Chambers Rosewood Rutherglen Muscat (375ML half-bottle)
While these wines are seen as after-dinner drinks, try serving them as an aperitif, particularly in winter. A small glass goes a very long way, warming the mind as well as the stomach. And remember that a bottle once opened, will keep for some months without deteriorating, providing it is recorked after each serving.
Critical AcclaimAll Vintages
Fringed by the beautiful Alpine Region and the Murry River, Chambers Rosewood Vineyards is a family owned and operated winery nestled on the edge of the charming town of Rutherglen. Rutherglen is a hamlet in North East Victoria, renowned for its wine-growing terroirs. The company is known worldwide for its Muscat and Muscadelle grapes and flagship fortified wines. Today, the winery delivers both top-notch bottled and bulk wines on both national and international fronts.
Since establishment in 1858 in Victoria's famed Rutherglen region, winemaking duties at Chambers Rosewood have been handed down through six generations. Relinquished in 2001 by Bill Chambers, one of Australia's most respected wine personalities, the aging and blending practices that shape these inimitable fortified wines are now entrusted with son Stephen. Recognized the world over for their complexity, intensity and balance, Chambers' Rare Muscats and Muscadelles are a national treasure; wines expertly blended from unctuous material that has matured quietly in the family cellars for more than ninety years.
Stephen collects berries for his wines from century-old vines, enriched with appropriate flavors and aromas, along with some newer young vines. He grows a wide range of varieties, Muscat and Muscadelle being at the forefront. Many other varieties include fruity Palomino, Roussanne, Riesling, Traminer, and Shiraz. The estate also uses the unique and rare Gouais grape, a parent of Chardonnay and Riesling, along with top-quality Tempranillo, Durif, Mondeuse, and Cinsault (Blue Imperial) to produce luscious wines. In the vineyards, they nurture precious vines as old as 110 years.
Located in the warm and dry northeastern corner of the state of Victoria, bordering the southern side of the Murray River, the Rutherglen region bears a long history of fortified wine production.
Rutherglen's main variety, Muscat blanc à Petits Grains (also known as Brown Muscat or Muscat à Petit Grains Rouge for its often pink- or red-tinged berries) flourishes in the region’s deep, moisture retaining, alluvial, red loam soils. To make the distinguished and aptly named fortified, "Rutherglen," these Muscat grapes are harvested after left to semi-raisin on the vine. Fermentation only reaches a few degrees alcohol before the juice is fortified with grape spirit and aged in a barrel system resembling a cross between a Sherry solera and a Madeira estufagem. Rutherglen wines boast great concentration and fine aromas hinting at orange flowers and spice, and are capable of astounding quality.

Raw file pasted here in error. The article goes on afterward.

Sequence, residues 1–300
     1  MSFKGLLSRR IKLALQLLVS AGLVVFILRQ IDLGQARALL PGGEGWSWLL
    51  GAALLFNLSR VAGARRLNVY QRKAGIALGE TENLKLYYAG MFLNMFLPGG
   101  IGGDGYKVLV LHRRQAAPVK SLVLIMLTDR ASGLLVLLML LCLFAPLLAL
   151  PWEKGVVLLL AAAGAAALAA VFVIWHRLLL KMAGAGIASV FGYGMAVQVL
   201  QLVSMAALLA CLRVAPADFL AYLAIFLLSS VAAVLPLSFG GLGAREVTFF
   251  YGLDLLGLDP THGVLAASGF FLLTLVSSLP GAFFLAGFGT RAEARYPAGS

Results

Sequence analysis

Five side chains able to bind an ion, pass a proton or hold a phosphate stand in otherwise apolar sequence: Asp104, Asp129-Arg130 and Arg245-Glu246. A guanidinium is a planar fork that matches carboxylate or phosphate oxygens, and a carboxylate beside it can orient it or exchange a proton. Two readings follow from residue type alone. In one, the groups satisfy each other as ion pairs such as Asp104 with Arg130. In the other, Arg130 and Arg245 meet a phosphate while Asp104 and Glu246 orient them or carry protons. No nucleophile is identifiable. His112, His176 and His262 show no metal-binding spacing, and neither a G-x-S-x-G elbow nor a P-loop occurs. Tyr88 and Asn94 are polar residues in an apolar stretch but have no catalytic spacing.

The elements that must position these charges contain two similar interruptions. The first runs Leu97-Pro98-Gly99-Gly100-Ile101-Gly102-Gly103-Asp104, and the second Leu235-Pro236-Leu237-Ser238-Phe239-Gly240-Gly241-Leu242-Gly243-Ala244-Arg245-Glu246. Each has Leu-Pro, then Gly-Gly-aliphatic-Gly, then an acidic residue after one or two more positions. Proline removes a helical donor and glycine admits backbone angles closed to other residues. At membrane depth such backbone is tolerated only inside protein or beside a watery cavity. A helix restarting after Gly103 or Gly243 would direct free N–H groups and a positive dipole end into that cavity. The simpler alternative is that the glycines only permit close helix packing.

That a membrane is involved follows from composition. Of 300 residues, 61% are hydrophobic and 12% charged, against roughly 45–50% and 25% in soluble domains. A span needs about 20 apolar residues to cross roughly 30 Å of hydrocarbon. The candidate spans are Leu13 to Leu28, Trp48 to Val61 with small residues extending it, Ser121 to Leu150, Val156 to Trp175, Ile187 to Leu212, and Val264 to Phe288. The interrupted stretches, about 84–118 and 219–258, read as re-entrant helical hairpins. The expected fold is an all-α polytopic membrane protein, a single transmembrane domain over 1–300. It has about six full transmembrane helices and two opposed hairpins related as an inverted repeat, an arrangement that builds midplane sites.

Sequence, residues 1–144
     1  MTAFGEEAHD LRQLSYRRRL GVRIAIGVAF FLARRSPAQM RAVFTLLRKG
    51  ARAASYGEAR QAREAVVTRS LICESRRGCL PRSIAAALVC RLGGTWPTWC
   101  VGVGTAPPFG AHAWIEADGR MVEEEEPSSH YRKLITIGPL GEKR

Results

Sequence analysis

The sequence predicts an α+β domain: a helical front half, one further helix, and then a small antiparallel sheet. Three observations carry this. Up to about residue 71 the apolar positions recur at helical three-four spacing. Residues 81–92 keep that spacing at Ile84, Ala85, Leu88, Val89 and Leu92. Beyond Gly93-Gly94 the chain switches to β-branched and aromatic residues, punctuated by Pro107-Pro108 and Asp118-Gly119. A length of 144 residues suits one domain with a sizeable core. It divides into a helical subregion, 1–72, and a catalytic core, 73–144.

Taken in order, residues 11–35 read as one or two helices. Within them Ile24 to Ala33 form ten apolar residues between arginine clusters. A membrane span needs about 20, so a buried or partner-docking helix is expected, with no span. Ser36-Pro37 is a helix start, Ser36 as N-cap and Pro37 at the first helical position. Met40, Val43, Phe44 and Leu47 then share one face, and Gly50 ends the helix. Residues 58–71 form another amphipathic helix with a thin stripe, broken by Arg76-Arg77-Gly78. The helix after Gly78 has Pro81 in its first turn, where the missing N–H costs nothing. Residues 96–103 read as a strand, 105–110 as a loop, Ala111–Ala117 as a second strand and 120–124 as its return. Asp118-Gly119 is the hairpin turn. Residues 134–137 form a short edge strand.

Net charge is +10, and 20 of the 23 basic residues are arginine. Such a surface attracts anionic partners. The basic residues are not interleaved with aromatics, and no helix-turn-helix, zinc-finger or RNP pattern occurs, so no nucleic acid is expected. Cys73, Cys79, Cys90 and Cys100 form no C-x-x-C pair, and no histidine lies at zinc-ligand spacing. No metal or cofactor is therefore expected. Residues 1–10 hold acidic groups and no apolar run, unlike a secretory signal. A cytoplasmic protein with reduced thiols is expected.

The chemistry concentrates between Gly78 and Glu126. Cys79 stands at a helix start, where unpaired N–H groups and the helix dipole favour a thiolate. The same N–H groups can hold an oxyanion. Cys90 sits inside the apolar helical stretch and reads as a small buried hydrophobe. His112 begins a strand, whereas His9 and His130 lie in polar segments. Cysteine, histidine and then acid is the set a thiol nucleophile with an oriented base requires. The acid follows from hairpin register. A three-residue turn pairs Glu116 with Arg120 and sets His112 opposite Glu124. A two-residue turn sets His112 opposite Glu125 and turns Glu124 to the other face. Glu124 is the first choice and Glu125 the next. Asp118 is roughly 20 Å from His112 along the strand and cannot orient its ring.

The Rutherglen region grows second grape, called Muscadelle (confusingly unrelated Muscat), which also produces a quality fortified wine. Historically Australians called the grape “Tokay” and believed it to have Hungarian ancestry but when the French ampelographer, Paul Truel, identified it as Muscadelle in 1976, the name had to be changed. Today varietal wines made from Muscadelle can be called, “Topaque.”
Apart from the classics, we find many regional gems of different styles.
Late harvest wines are probably the easiest to understand. Grapes are picked so late that the sugars build up and residual sugar remains after the fermentation process. Ice wine, a style founded in Germany and there referred to as eiswein, is an extreme late harvest wine, produced from grapes frozen on the vine, and pressed while still frozen, resulting in a higher concentration of sugar. It is becoming a specialty of Canada as well, where it takes on the English name of ice wine.
Vin Santo, literally “holy wine,” is a Tuscan sweet wine made from drying the local white grapes Trebbiano Toscano and Malvasia in the winery and not pressing until somewhere between November and March.